We have developed a collagen cross-linking technology that uses green light to activate rose bengal (RB), a well-known diagnostic agent for ocular surface damage. We have previously demonstrated that this technology can be used to seal wounds in cornea, to bond amniotic membrane to the corneal surface, and for applications in many other tissues. 1621 In this study, we investigated whether photochemical cross-linking of cornea stromal collagen using RB and green light, a process called RGX, increases corneal stiffness. We investigated the processes involved and factors important for clinical application. 
Materials and Methods
Materials
Rose bengal sodium salt (Sigma-Aldrich, St. Louis, MO) was prepared as a 0.1% weight/volume solution in phosphate buffered saline (PBS). Riboflavin-5-monophosphate (Sigma-Aldrich) was prepared as a 0.1% weight/volume solution in PBS containing 20% dextran (≈500 kDa; Sigma-Aldrich). Fresh young rabbit eyes were purchased from a commercial supplier (Pel-Freez Biologicals, Rogers, AR) and received on ice 17 to 24 hours after enucleation. Previously frozen eyes were also purchased and were thawed in PBS. Eyes were also obtained immediately after euthanasia from New Zealand white rabbits using an IACUC-approved protocol and in accordance with the ARVO statement for the Use of Animals in Ophthalmic and Vision Research. The corneal epithelium was removed by brief treatment with 30% ethanol and scraping. 
Light Sources
A cw KTP-frequency doubled solid state laser (Oculight OR; IRIDEX Corporation, Mountain View, CA) provided green light (532 nm), which is strongly absorbed by RB (absorption coefficient at 532 nm: ≈25,000 M−1 cm−1 in PBS; Fig. 1A). The laser light from an optical fiber was expanded to a 1.2-cm-diameter beam and was delivered with an irradiance of 0.25 W/cm2. Riboflavin-treated corneas were exposed to UVA radiation from a filtered high-intensity UV lamp (Blak-Ray Lamp, Model B-100A; Ted Pella Inc., Redding, CA) with output at 365 ± 3 nm as measured with a spectroradiometer (SPR-01, 235–850 nm; Luzchem Research Inc., Gloucester, Ontario, Canada). The power of each light source was measured with a power meter (NOVA; Ophir Optronics Ltd., North Andover, MA). 
Figure 1
 
Rose bengal. (A) Absorption spectrum of RB (0.1% in PBS) applied to rabbit cornea for 2 minutes. Dashed line is spectrum of cornea without RB. (B) Structure of RB.
Figure 1
 
Rose bengal. (A) Absorption spectrum of RB (0.1% in PBS) applied to rabbit cornea for 2 minutes. Dashed line is spectrum of cornea without RB. (B) Structure of RB.
Absorption Spectra
After application of RB (0.1% in PBS) to deepithelialized cornea and removal of excess RB by brief washing with PBS, a 4-mm central cornea disc was placed on a glass coverslip for measuring the spectrum using a plate reader (Spectramax M5; Molecular Devices, Sunnyvale, CA). Spectra after varying irradiation times were measured similarly.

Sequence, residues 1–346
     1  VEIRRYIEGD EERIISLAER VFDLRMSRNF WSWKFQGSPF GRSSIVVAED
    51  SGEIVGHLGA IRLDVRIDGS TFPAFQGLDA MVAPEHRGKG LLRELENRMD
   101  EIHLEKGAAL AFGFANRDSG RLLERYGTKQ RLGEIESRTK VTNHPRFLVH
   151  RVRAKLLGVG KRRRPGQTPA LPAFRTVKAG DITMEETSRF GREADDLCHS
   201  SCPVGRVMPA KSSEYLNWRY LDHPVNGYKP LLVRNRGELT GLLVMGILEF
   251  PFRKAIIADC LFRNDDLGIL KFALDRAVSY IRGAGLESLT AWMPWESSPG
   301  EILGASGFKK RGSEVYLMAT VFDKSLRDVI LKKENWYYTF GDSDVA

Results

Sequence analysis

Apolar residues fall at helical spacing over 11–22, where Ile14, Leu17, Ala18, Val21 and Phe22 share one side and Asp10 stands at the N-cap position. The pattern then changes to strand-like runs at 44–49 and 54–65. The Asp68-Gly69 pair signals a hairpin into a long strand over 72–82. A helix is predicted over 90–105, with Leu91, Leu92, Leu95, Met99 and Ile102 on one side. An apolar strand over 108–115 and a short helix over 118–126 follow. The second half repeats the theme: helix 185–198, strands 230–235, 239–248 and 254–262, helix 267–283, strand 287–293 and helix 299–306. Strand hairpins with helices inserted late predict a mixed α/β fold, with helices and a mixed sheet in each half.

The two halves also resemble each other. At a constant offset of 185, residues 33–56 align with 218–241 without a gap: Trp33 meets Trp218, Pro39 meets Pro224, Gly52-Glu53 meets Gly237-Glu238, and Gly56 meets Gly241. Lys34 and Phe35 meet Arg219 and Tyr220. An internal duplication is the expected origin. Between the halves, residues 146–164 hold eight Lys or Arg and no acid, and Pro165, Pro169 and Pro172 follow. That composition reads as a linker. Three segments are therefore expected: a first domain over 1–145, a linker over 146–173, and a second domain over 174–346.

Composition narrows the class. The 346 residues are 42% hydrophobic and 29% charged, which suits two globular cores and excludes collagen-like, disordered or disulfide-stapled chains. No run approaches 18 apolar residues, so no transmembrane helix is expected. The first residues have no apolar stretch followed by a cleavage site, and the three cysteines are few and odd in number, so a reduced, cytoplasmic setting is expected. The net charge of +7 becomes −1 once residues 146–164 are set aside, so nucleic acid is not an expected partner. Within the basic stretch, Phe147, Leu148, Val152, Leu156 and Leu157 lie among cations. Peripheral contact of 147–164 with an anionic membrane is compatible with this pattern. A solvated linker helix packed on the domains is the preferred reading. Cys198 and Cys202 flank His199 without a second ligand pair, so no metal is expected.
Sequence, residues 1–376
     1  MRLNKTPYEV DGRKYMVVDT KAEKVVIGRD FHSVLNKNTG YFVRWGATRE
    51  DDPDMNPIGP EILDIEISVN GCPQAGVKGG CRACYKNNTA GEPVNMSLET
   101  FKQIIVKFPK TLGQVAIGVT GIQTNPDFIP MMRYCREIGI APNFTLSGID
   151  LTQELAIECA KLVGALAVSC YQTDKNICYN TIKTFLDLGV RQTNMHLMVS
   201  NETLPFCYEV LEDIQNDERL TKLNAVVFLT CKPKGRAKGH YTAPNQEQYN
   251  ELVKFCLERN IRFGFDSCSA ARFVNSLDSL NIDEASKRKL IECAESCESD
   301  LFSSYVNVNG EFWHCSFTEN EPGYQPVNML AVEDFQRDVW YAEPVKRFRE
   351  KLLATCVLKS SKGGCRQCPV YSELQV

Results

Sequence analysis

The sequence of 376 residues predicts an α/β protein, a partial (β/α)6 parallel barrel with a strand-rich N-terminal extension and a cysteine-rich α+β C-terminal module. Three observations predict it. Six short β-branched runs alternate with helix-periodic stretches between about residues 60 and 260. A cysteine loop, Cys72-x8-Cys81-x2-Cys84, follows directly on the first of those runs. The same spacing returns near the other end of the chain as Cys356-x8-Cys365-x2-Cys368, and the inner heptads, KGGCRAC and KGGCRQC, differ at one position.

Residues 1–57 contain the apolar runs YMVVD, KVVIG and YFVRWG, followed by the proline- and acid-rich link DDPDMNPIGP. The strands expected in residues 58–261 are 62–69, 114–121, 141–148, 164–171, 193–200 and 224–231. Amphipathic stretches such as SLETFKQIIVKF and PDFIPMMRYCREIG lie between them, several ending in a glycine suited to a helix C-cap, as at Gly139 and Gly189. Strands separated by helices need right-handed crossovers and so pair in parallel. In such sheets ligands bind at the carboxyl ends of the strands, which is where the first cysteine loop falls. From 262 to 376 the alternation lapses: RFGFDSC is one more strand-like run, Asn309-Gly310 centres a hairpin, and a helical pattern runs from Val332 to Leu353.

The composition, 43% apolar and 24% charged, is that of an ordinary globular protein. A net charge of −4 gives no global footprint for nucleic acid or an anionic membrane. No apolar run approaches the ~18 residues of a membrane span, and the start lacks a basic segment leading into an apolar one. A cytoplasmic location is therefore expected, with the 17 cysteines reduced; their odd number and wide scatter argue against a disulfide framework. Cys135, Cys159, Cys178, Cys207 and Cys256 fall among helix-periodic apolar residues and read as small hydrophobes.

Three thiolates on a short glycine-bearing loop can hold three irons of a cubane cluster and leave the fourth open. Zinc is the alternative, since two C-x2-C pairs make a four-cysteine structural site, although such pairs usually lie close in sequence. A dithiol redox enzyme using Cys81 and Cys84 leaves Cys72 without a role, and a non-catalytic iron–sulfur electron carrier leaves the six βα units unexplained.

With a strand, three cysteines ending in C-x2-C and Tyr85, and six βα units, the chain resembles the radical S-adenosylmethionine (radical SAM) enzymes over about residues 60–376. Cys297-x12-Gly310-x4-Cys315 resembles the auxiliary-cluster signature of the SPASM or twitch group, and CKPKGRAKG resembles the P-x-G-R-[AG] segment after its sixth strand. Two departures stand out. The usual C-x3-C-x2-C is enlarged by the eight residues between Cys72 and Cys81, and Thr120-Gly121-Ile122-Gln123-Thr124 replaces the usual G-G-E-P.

Fluorescence Microscopy
After removing the epithelial layer, the cornea was immersed in 0.1% RB solution for 2 minutes before a 4-mm disc of central cornea was removed. The RB-stained corneal disc was placed in 1 μM nuclear stain (TO-PRO-3; Life Technologies, Grand Island, NY) in PBS for 15 minutes to stain cell nuclei. The disc was bisected and the halves were placed in optical cutting temperature compound. Vertically cut frozen sections (5 μm) were dried on slides and washed three times with water, then coverslipped. The RB fluorescence was excited at 559 nm and emission detected at 575 to 620 nm (Olympus FluoView 1000 confocal microscope; Olympus America Inc., Center Valley, PA). Fluorescence (TO-PRO-3) was excited at 635 nm and emission was detected in the range 665 to 755 nm. The RB intensity profile was determined by averaging the signal along 20 lines drawn perpendicular to the stroma surface using ImageJ software (available in the public domain at http://rsbweb.nih.gov/ij/index.html; developed by Wayne Rasband, National Institutes of Health, Bethesda, MD). 
Collagen Photo-Cross-Linking
After application of 0.1% RB (8 drops over 2 minutes), excess RB was removed by brief washing with PBS and corneas were irradiated with 532-nm light with an irradiance of 0.25 W/cm2. In an initial study using previously frozen eyes, the RB-stained cornea was irradiated for 3.3, 6.6, or 10 minutes to deliver fluences of 50, 100, or 150 J/cm2, respectively. In subsequent studies using fresh commercially available rabbit eyes stained with RB, an additional 4 drops of 0.1% RB were applied after 3.3 and 6.6 minutes. For comparison, deepithelialized corneas pretreated with 0.1% riboflavin in 20% dextran solution every 5 minutes for 30 minutes were exposed to UVA light for 30 minutes (3 mW/cm2; 5.4 J/cm2) with 0.1% riboflavin solution added every 5 minutes. This procedure mimics the frequently used clinical protocol. 22  
Uniaxial Tensiometry